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Old 04-01-2024, 06:54 PM
bu2
 
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Quote:
Originally Posted by Ruth4Truth View Post
OK, this is interesting. Mind if I ask how you did that?
Self help books. Learning how to be more decisive. Learning how to be a better conversationalist (one suggestion-think of 3 interesting things that happened to you recently-so you won't be unable to think of something to say). There was one on self-image psychology. I learned how to make eye contact when listening to someone and forced myself to do that. Now its habit.

Getting away from thinking every contact was important and a reflection on you. So kind of in line with SonicSpark's confidence, I just figured either they wanted to go or out didn't and that most people are not compatible. I was no longer anxious asking someone out, so appeared more confident.

I began to understand people better as I got into the workplace. I could see that most people are a little insecure. That's normal. I also saw that most people are comfortable in their zone. So whether it was for friends or dates, you had to be pretty assertive to break into the zone.

I had a friend who got divorced in her 30s and had never had kids. She was on a mission. She was dating 5 or 6 nights a week and got married within a year. She was assertive and loved to dance and so she would go to clubs and had no trouble getting picked up. She really convinced me that I needed to approach it like a job. I didn't have the personality or look to do clubs. I was not the glib life of the party but did better one on one. What I did in my 30s was go to continuing education classes, social ones like wine tasting or ballroom dancing. Not serious ones and not ones like car repair where it would be mostly male. I also joined a church singles group where I met my wife. Those were both more likely places to meet someone who wanted to be met than work or school or a random place.
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Old 04-01-2024, 07:28 PM
 
Location: Lost in Montana *recalculating*...
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Quote:
Originally Posted by MrSykes View Post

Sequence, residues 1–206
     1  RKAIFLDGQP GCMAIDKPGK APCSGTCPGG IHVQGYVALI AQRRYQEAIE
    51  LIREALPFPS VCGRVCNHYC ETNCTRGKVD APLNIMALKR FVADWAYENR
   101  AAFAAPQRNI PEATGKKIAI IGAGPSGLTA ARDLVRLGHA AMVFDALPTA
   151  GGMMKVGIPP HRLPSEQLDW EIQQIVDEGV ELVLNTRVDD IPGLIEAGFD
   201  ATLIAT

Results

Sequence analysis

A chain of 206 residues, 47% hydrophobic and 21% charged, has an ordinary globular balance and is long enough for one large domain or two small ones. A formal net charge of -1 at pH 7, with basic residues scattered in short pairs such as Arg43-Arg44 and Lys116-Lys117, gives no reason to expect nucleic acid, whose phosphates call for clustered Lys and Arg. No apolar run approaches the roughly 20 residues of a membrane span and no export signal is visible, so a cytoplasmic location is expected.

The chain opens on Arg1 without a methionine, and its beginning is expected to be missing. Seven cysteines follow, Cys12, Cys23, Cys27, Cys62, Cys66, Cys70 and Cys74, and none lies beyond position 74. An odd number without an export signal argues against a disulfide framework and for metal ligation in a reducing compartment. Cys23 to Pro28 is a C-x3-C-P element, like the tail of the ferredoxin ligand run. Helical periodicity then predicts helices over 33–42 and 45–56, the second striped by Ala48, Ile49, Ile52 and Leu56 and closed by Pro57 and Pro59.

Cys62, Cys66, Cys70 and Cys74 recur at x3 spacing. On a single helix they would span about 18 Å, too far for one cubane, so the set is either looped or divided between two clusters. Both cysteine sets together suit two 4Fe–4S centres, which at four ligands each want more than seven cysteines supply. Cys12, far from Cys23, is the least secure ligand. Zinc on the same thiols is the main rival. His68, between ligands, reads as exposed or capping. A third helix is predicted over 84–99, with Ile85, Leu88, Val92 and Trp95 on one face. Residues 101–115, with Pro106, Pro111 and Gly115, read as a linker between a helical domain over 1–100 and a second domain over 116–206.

Introversion, avoidance, shyness, etc. Not saying that these personality types necessarily prevent the people who possess them from getting into relationships, but they may present as a liability in a romance marketplace that values the opposite of these traits.
I was introverted and quite shy but had girlfriends in middle and high school. May have been my looks but I managed to find the most wonderful girl at 16 years of age, we married at 23 and been together ever since.

I think shy guys can do well, just play off that strength.
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Old 04-01-2024, 07:36 PM
 
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Quote:
Originally Posted by Mightyqueen801 View Post
I have said as much in the past on this forum. It's nice to know there was a study that said the same thing.

Yes, those of us who did not get to date when a teenager don't experience the phases of going through the steps like holding hands, having someone put their arm around you, being kissed, etc., and just regular interaction with romantic partners. We try to make it up later if we get the chance, but there's always something missing, as if you ordered something you have to assemble yourself but the instructions and some of the pieces are not in the box.

I eventually married, but badly (alcoholic, gambler, probably bipolar), and now I can admit it was because I knew he was going to be the only chance I ever had to marry and have children (I had one). I had one other long-term relationship, late in life, and it was a good one. He was a little different and appreciated me--even pursued me because of my being a little different, and we met online not through a dating site but through a common interest. That one ended with his death. I'm glad I did get to experience love for real, though, even if I only got a few years. But so many people have been married for years, or have had multiple long-term relationships, and it just seems to come to them easily.